Physicians' recognition of death in the foreseeable future in patients with intellectual disabilities
Journal of Intellectual Disability Research , Volume 60 - Issue 3 p. 207- 217
Background: Physicians are increasingly confronted with people with intellectual disabilities (ID) who are facing life-threatening diseases. We aimed to explore when and based on which information sources and signals physicians recognised that a patient with ID would die in the foreseeable future. Insights may help in identifying patients in need of palliative care. Method: In this study, 81 physicians for people with ID and 16 general practitioners completed a retrospective survey about their last case of a patient with ID with a non-sudden death. Results: More than 20% of all physicians foresaw death not until the last week of life. In 30% of all patients, the physician did not discuss the start of the palliative care phase until the last week. The most reported information sources based on which physicians foresaw death were the physicians themselves and professional caregivers. We found 40 different signals that lead to physicians' foreseeing death. These were not only medical signals but also behavioural and physical signals. Conclusions: Results indicate that the physicians' ability to foresee death is a result of a process of growing awareness in which multiple signals from different information sources converge. This demands continuous multi-disciplinary communication because people involved have their own unique interactions with the patient and can therefore contribute to a growing and timely awareness of patients' death in the future.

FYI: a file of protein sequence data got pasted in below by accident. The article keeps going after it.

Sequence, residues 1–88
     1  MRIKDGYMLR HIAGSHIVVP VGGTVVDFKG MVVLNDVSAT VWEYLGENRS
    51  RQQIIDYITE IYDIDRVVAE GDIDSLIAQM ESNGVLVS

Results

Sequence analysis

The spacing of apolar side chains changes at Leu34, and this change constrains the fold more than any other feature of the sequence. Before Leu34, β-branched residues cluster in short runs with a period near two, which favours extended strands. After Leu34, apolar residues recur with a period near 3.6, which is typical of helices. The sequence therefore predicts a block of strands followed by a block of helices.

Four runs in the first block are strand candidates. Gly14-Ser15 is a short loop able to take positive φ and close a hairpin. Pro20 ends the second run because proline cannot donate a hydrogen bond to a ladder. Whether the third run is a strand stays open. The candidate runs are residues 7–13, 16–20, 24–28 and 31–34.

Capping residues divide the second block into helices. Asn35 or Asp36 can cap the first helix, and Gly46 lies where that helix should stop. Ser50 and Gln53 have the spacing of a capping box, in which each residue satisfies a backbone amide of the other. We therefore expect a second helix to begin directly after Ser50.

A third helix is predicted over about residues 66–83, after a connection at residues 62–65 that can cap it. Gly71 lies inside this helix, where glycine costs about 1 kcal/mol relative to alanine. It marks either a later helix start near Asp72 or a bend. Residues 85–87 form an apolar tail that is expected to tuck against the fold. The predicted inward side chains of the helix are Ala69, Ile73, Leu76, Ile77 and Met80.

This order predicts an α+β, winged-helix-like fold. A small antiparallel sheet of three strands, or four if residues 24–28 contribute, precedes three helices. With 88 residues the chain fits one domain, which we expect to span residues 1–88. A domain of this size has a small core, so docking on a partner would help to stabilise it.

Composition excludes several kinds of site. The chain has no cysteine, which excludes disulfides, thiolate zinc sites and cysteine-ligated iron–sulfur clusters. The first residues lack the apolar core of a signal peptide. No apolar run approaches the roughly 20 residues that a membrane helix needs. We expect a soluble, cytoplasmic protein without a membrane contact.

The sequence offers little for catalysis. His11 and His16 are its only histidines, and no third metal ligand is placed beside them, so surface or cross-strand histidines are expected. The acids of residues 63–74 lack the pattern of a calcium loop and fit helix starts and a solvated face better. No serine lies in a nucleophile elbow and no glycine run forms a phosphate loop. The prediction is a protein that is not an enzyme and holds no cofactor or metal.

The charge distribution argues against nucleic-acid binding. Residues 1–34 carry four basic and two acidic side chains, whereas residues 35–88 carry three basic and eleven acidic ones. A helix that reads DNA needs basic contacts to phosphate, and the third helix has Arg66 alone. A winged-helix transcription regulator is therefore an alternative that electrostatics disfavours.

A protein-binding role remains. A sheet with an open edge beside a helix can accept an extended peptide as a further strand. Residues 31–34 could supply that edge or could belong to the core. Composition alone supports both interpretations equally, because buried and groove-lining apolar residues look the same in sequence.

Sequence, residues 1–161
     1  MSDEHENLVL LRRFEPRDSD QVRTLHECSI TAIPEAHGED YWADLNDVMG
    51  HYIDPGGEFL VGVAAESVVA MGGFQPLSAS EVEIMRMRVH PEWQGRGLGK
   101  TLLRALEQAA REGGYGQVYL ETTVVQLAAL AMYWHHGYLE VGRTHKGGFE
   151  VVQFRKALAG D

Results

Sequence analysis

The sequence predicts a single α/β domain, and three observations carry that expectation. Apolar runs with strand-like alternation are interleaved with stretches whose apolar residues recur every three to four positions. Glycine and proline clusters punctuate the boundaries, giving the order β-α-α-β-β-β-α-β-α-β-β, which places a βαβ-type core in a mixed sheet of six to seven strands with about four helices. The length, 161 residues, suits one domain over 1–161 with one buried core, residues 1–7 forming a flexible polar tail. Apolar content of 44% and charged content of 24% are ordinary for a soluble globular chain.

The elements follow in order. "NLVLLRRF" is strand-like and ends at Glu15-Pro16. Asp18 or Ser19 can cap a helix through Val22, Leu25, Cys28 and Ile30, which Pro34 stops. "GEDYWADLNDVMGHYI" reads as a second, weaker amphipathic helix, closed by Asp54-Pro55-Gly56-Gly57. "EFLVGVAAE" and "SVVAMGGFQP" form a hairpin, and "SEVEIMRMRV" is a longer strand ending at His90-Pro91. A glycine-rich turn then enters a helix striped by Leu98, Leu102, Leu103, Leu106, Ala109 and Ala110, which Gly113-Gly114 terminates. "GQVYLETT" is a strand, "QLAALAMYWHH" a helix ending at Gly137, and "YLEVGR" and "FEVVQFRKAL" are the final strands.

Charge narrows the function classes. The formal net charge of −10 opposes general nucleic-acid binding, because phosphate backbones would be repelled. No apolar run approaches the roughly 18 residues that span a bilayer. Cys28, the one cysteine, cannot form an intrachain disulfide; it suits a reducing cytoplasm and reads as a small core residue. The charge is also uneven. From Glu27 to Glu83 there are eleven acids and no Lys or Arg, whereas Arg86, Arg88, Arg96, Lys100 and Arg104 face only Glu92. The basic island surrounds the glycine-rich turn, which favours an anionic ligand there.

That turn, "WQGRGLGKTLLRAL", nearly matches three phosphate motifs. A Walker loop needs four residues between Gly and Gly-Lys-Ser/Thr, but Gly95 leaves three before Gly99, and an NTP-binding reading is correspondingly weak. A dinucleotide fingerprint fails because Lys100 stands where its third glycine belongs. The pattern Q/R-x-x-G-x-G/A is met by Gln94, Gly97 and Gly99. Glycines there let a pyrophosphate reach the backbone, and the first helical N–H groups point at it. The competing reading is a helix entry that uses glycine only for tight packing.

|End-of-life, Intellectual disabilities, Palliative care, Prognostication|
|Journal of Intellectual Disability Research|
|Organisation||Department of General Practice|
Vrijmoeth, C, Christians, M.G.M, Festen, D.A.M, Groot, M, Tonino, M, & Echteld, M.A. (2016). Physicians' recognition of death in the foreseeable future in patients with intellectual disabilities. Journal of Intellectual Disability Research, 60(3), 207–217. doi:10.1111/jir.12240